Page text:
Psalm 23 contains that wonderful line, “Surely goodness and mercy follow me all the days of my life…” Perhaps we ought better to think of God as Thompson’s famous poem, “The Hound of Heaven” where we are pursued! As the hound follows the hare, never ceasing in its running, ever drawing nearer in the chase, with unhurrying and unperturbed pace, so does God follow the fleeing soul by God’s Divine grace. We are being chased by God so often in our lives and yet we try to escape. We run from God’s powerful love. We, deep down, fear God’s grasp because we know it will require change. It will demand we give up something or someone. We distrust God and God’s generosity toward us. We think we are better suited to control our destiny, rather than the God who created us and sustains us and loves us and saved us

So, then, perhaps Lent is a time for pruning after all. We prune ourselves of things that need to be let go of; the parish prunes folks who no longer wish to help us grow, thrive, and serve; and the Church prunes to allow the gospel to be spread to the four corners of the earth by servant-hearted people who wish to remain and wish to become better than themselves; better they could have of dreamed of, if only they truly trusted God and let go.

Lent is about noticing our blindness and seeing differently. For some of us it is about seeing clearly for the very first time in our lives…

How will you allow God to pursue you and bring about a new way that allows you to see past your old ways, your old anxieties, your old wounds, your old self-control, your old greed, your old fears, and become a member of God’s home where unencumbered joy is to be found?

Franciscan Moments @ Saint Miriam: March 13, 2017


I know, I am late. I am actually intentionally late in writing this devotion. You see, I was away this past weekend to make a Pastoral Visit to St. Padre Pio in Summerville, South Carolina. They also had five individuals, one adult and four children, who were prepared for Confirmation! They needed me to come and as their bishop, and I went. As you know, I rarely “inhabit the habit” of Bishop Ordinary, unless there is a diocesan or liturgical reasons to do so. I am a pastor in my heart, but being Chief Pastor comes with its needs, its advantages, and its joys, too. So, as I said, I went where needed and made my visit there this past weekend.

Now, to be honest, I did not intend to write late. I had every intention of getting up early on Monday, before heading back to the Charleston International Airport for my flight home and penning a devotion, as I always do. But with the intensity of all the events, the work that was needed and the coordination, too, as well as that time change thing, I was totally wiped out! Then, on my flight home, I realized that one of the main reasons I was so tired was that I was out of my normal routine and away from my own home; I was out of my ‘comfort zone’. I was ‘out of my element’ for several days, away from the normal people who inhabit my life, but in that time God came and taught me a few lessons. A few lessons for Lent that even the most tenured of priest and layperson alike could use to deepen their own faith journey. I share them here today…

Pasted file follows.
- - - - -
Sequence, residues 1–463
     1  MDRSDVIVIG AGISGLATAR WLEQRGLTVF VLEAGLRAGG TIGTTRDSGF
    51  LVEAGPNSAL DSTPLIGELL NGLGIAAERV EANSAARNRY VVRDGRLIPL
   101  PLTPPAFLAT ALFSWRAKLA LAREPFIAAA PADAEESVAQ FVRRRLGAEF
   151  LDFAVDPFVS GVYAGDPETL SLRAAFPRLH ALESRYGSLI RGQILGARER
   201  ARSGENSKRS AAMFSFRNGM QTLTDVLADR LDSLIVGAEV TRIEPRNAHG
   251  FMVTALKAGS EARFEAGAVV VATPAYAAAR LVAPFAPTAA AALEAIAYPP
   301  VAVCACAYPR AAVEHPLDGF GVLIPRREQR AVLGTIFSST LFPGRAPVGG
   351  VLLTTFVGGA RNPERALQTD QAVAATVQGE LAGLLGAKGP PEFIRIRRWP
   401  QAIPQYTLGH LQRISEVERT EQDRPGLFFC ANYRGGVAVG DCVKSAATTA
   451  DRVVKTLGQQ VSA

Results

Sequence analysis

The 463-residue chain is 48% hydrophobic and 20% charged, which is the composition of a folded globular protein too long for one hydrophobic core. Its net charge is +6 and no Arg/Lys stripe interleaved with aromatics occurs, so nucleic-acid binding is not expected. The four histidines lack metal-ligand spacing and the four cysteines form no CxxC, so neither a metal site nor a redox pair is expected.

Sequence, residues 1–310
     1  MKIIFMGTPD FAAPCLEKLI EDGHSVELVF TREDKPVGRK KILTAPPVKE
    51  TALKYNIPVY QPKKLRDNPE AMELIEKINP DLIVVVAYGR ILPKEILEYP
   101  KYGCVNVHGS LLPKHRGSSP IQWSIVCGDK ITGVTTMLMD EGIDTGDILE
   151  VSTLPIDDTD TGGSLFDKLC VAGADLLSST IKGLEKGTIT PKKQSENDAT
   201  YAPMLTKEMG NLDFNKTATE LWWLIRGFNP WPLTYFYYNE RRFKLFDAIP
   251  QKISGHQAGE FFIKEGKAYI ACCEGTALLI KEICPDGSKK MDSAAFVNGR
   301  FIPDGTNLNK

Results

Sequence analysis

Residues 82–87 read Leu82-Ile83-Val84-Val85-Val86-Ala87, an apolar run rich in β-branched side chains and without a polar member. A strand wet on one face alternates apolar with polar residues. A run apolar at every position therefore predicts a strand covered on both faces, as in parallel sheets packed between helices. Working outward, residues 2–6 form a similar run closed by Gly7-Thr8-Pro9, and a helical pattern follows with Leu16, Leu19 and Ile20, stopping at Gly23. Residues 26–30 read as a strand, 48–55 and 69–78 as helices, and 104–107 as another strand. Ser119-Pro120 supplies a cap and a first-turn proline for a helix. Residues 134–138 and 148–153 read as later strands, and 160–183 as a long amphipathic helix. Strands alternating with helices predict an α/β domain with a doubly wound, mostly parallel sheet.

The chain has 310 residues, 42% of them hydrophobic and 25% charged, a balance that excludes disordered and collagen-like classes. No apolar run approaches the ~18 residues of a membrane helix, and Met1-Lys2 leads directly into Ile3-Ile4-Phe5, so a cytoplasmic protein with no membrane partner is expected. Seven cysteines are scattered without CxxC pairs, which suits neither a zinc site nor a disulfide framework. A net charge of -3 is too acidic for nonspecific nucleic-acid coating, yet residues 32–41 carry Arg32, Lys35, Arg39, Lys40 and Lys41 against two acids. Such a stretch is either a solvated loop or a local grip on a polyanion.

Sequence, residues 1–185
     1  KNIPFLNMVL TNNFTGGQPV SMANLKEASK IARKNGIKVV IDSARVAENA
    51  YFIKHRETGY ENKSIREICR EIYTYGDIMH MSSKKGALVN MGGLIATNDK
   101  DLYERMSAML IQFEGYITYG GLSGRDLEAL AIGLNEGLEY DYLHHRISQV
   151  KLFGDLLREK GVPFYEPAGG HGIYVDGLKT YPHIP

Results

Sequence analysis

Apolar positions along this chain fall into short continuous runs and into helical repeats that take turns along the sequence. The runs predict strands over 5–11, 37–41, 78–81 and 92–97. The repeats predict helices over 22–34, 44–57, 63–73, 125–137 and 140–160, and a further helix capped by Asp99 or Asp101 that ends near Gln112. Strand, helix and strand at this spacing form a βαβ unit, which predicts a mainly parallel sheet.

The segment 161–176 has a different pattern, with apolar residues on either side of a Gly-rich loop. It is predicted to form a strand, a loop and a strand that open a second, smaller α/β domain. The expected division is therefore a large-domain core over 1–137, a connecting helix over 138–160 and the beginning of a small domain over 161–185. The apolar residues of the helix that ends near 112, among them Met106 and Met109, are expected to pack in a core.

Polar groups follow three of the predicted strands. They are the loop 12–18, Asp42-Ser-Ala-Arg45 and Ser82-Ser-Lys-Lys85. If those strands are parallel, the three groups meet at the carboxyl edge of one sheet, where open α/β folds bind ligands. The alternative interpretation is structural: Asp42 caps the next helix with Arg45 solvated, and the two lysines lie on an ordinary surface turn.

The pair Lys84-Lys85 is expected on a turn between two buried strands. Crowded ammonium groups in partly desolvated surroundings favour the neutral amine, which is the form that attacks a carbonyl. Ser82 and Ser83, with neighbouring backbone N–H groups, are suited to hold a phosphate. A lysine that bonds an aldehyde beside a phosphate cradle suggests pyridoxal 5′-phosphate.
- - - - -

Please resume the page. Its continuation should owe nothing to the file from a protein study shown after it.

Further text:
First, you must always go where called. I went to where God needed me and where God’s people needed me. I did not want to go. It is hard to leave here with all our busyness and the myriad of stuff to do, but I promised. So I went. I learned and was overjoyed. I am grateful God took me to St. Padre Pio. They are a people of light and overwhelming love. They welcomed me. Many even kissed my ring several times, despite my protestations. They wanted me to know of their respect and love. I learned that I desperately needed theirs, too.

Second, you must be willing to give your all. I was not at home here at Saint Miriam. I was there in a place that knew me not. I could have skimped on the liturgy, my dress, the certificates, the way I celebrated the Mass, the homily, or in any number of areas. I could have arrived later and left earlier. I could have celebrated the Mass where I was definitely needed, and then skip out right after and missed enjoying their hospitality that was optional. I could have skipped engaging them in conversation, learning their stories, or hugging the confirmandi. But if I had done even one of those ‘misses’, my life would be less fortunate. I would be less a man and certainly less a pastor and shepherd.